Govt notifies IBC amendment to bring in prepacks for insolvency process of MSMEs

Under the Micro, Small, and Medium Enterprises Development, Act, 2006, The Central Government today issued the Insolvency and Bankruptcy Code (IBC) Amendment Ordinance 2021 and have allowed the pre-packaged insolvency resolution processes for corporate debtors regarded as micro, small, or medium enterprises.

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The suspension that ended on March 24, 2020 was extended last year on the same date, but due to the Covid-19 pandemic, it was extended for another year till March 24,2021. The Ordinance allows the Central Government to notify such pre-packaged procedure for defaults up to Rs. One Crore.

The pre-packaged insolvency resolution procedure must be completed within 120 days of the pre-packaged insolvency commencement date, and the moratorium will be available from the pre-pack commencement date until the process is closed, whether by approval of the resolution plan or otherwise.

A pre-packaged insolvency procedure is an informal debt settlement scheme devised by the  creditor and debtor. The Ordinance requires the National Company Law Tribunals to approve such informal proposals. In order to deal with pre-packaged insolvency settlement processes, a new chapter, Chapter IIIA, has been added into this Act.

The Centre stated that it felt there was an urgent need to introduce a special scheme for MSMEs due to the unique nature of their businesses and simpler corporate structures so an Ordinance was introduced to allow pre-packaged insolvency process, claiming that it would ensure quicker, cost-effective and value maximising outcomes for all the stakeholders, in a manner that is least disruptive to finances.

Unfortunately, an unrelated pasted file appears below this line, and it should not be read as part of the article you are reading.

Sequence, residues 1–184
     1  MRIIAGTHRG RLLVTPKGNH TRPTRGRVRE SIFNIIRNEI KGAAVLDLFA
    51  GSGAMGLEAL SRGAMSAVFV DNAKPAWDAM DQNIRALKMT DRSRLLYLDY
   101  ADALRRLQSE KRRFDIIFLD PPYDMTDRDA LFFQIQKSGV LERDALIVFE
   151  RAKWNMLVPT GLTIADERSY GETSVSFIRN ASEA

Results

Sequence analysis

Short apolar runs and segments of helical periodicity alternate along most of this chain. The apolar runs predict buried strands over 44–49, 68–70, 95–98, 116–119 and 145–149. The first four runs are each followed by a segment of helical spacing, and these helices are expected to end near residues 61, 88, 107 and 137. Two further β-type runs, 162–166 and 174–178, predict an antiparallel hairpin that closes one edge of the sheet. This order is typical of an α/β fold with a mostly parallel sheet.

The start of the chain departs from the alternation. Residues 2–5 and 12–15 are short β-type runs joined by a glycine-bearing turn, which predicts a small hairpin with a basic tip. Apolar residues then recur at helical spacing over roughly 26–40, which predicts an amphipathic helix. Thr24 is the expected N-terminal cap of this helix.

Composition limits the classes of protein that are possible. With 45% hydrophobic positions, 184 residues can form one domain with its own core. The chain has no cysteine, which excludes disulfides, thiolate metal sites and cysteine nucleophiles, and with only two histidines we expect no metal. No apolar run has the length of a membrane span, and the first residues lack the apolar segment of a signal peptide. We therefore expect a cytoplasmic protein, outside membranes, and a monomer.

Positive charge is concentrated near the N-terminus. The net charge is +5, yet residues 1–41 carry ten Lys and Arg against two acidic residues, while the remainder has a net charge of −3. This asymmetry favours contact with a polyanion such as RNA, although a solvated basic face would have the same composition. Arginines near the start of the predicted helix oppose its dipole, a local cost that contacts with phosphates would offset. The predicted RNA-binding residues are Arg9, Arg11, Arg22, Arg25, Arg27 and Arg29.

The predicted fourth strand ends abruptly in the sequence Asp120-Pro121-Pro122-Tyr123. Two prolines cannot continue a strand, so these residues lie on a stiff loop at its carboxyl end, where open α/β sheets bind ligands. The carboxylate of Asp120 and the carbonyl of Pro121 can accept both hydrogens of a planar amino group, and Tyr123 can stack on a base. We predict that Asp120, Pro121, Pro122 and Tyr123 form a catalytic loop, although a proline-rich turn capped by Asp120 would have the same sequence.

A corporate debtor may file an application to initiate a pre-packaged insolvency resolution process if the following seven conditions have been met. A corporate debtor may file an application to initiate a pre-packaged insolvency resolution process if the following seven conditions have been met.

·         It has not gone through a pre-packaged insolvency resolution process or completed a corporate insolvency resolution process in the three years preceding the initiation date;

·         It is not in the process of resolving corporate insolvency.

·         There is no order requiring it to be liquidated under Section 33.

·         It is eligible to apply a resolution plan under Section 29A.

·         The corporate debtor’s financial creditors have proposed the name of the insolvency professional (not related) to be appointed as resolution professional for conducting the pre-packaged insolvency resolution process, representing not less than 66% of the financial debt due to such creditors, and have accepted such proposal in such form as may be stated.

·         The majority of the corporate debtor partners, have made a declaration, in such form as may be specified, stating, that the corporate debtor shall file an application for initiating pre-packaged insolvency resolution process within a definite time period not exceeding ninety days; that the pre-packaged insolvency resolution process is not being initiated to defraud any person; and it should also mention the name of the proposed and approved insolvency professional to be appointed as resolution professional under clause (e)

·         Members of the corporate debtor have passed a special resolution, or at least three-fourths of the total number of partners, authorising the filing of an application for initiating the pre-packaged insolvency resolution procedure, in such form as may be stated.

During the entire pre-pack process the corporate debtor shall remain under the control and possession of the current promoters and management.